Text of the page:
The five composers* took up this theme in creative and contrasting ways, but sometimes producing mixed results. I found the opening work, Matej Bonin’s Shimmer II, difficult to get into. While there were some nice timbral highlights and a wacky extended clarinet solo, it had little structure and failed to really engage me. Malte Giesen’s Surrogat/Extension interpreted the theme on the level of identity in transit or transition and did this in the form of a ‘double concerto’ for piano and electronic keyboard, the ‘original’ or older instrument meeting its ‘copy’, according to the composer’s description. This idea was explored well; the solo voices were at times cooperative, at times warring, with the keyboard frequently interrupting and manipulating the piano’s sound.   

I particularly enjoyed Ole Hübner’s Drei Menschen, im Hintergrund Hochhäuser und Palmen und links das Meer for live electronics and amplified ensemble. Hübner mashed together fragments of recorded speech, field recordings from Beijing and Istanbul and snippets of folky fiddle music, making for an vivid and intense sound collage or piece of ‘auditory theatre’ (‘Hörtheater’), as he describes it. The final two works put Ensemble Modern’s famed versatility to the test. Vladimir Gorlinsky’s slightly unconvincing ‘sound performance’ had them screaming into gongs and wandering around the stage investigating a range of different sound sources. In the concluding work, Andreas Eduardo Frank’s How to pronounce Alpha, the ensemble were confronted with quite a complex choreography of arm and hand gestures, all performed with admirable dedication. Complete with beatboxing percussionists and a quirky stage arrangement (all the typical solo instruments were placed in the back row), Frank’s deconstruction of ensemble hierarchies was a witty, entertaining end to the evening.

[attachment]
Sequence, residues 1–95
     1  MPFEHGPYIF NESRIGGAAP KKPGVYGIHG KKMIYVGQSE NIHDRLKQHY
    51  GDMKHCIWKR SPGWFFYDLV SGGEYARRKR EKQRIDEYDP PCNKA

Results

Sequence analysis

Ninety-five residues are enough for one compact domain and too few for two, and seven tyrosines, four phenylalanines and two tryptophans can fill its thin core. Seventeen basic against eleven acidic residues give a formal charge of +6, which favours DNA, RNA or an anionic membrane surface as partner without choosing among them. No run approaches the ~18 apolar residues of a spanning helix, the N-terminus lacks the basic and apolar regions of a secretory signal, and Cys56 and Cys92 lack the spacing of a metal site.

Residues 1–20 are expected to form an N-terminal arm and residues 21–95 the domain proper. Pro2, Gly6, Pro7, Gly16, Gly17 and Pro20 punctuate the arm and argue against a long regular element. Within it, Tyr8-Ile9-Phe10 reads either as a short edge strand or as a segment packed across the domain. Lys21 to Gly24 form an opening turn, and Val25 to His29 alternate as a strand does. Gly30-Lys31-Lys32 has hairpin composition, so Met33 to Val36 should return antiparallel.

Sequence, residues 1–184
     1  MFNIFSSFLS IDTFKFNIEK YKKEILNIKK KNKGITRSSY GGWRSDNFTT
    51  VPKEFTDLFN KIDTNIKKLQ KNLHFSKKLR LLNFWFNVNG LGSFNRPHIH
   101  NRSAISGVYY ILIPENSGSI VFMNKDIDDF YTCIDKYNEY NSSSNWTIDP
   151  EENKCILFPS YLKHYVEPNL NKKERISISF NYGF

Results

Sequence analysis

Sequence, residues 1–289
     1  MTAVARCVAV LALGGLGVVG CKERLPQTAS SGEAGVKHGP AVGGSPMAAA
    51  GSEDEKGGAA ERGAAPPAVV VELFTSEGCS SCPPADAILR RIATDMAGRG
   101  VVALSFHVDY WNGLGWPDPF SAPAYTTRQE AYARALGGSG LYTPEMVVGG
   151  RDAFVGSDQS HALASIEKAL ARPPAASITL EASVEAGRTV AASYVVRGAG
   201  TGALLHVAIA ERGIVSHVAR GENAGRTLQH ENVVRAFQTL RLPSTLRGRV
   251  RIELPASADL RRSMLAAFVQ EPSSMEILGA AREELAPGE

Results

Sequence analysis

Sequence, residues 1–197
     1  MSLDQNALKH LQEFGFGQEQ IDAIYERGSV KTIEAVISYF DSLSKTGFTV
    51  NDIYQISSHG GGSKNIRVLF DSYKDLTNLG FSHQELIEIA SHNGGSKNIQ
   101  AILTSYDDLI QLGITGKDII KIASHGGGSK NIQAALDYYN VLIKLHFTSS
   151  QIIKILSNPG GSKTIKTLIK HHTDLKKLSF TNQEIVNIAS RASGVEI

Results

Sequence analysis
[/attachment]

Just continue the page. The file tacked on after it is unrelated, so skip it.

Click here for the Audience Research version of this post on the Ulysses Network site

* All five participating composers were male.

Kaitlyn Aurelia Smith at Funkhaus Berlin

I’ve been a fan of Kaitlyn Aurelia Smith’s music since first hearing ‘EARS’ last year, her daringly bright and lush exploration of the Buchla 100 series modular synthesizer. This year’s follow-up album, ‘The Kid’, needed a bit more time to grow on me but its colourful innocence and washes of breathy melody have since firmly brought me round.

I was curious to see how Smith would realise this complex album live. Live electronics sets can often feel disappointing to me; the performer remains distant, communication with the crowd sometimes almost seems unwanted. But Smith’s set yesterday evening at Funkhaus Berlin enticed and intrigued.